Hey everyone! I trust you are having an amazing day in an amazing month!I wanted to share the new with you all, that I have finally acquired all of the ATB quarters from each state that has been released so far. (I am still working on every mintmark). I am very very excited to see what the mint has in store for the rest of the series, and hope to be able to complete the entire series very quickly. Maybe eventually I'll stop being lazy and I'll finish up my state quarters. I hope you all have good luck as you continue your pursuits in numismatics! Cheers, NM

03 Dec 2020

Proofs Galore!

| TheNumisMaster

Hey all! I trust your life is going well! Happy holidays, and happy December!Life has been fairly difficult lately between school, DJ gigs, music editing, family and girlfriend, all with a COVID on top. Today I wanted to share with you some of the purchases I made on ebay recently. I bought the two graded proofs individually on eBay for about $12 each. Now... Normally I refrain from disclosing prices, but this was interesting. As most of you know, eBay is FULL of these "amazing massive coin lots" which are worth fractions of the price. When I was younger and more naive, I would buy these quite often. About $300 of them in fact. I bought these proofs about a month after I learned that I was losing money through the lots. I checked NGC prices, and found that each one is worth about $25, and therefore doubled my money. I was so proud of myself that day, and it was a milestone in my numismatic maturity. I also traded with a friend of mine for the 2020 silver quarter proof set. Silver has always been a weakness of mine, especially silver proofs. I got a fairly good deal, and my friend sold for a profit. Gotta love those deals where both parties walk away happy. I bought the Ellis Island commem. for a price that was probably WAY to high, but I like the coin, so I don't feel too bad about that one. Now to the proof sets. These old things have a special place in my heart. My father gifted these too me for my 12th birthday. Before that year, my parents looked down on this new weird hobby I was committing two, and often restricted my involvement in it. As many of you know, I took 4 years of debate which sadly came to a halt last year. In december of 2016, I went to nationals in my speech event. I wrote an oratory on the value of numismatics in ones educational and moral life. While I didn't win, I DID cause my parents to shift their thinking. (And if you know my parents, you know that this is VERY hard to do). They gifted me with these sets the next month (as my birthday is in January) as a sort of peace offering. My parents have been supportive of me ever since. The Franklin isn't super special, just the first Franklin Half I ever had in my collection. However, this coin lit a spark inside of me that grew into a flame of passion for collecting these halfs. Thanks for sticking to the end! I hope you have a wonderful week. Cheers, NM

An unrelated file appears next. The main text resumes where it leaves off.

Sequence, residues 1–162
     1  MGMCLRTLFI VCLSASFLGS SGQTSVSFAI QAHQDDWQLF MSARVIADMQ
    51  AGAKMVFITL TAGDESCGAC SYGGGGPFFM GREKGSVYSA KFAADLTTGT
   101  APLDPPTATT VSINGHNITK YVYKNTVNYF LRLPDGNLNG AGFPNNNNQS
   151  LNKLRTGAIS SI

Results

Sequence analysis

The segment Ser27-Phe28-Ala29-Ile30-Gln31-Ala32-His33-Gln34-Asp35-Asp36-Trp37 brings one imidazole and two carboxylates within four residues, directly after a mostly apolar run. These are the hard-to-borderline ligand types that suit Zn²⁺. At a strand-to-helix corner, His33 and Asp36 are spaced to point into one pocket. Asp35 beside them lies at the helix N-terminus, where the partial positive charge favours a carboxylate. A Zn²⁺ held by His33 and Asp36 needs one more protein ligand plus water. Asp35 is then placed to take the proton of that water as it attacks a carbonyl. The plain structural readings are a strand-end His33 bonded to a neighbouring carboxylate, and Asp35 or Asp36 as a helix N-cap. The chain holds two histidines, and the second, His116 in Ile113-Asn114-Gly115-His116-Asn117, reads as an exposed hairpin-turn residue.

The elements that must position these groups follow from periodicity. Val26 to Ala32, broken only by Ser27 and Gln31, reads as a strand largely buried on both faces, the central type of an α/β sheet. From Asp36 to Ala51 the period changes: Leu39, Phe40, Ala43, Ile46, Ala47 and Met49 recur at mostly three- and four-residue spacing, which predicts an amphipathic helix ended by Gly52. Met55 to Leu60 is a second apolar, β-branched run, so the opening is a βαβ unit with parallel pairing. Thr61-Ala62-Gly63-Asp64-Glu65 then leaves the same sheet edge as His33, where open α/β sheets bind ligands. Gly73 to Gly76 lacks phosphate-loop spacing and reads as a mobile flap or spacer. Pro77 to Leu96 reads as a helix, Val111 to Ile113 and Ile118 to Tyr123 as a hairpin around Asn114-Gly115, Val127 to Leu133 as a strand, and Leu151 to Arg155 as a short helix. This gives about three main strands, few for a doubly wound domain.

29 Nov 2020

An Insight into the Life of a Dedicated Numismatist

| TheNumisMaster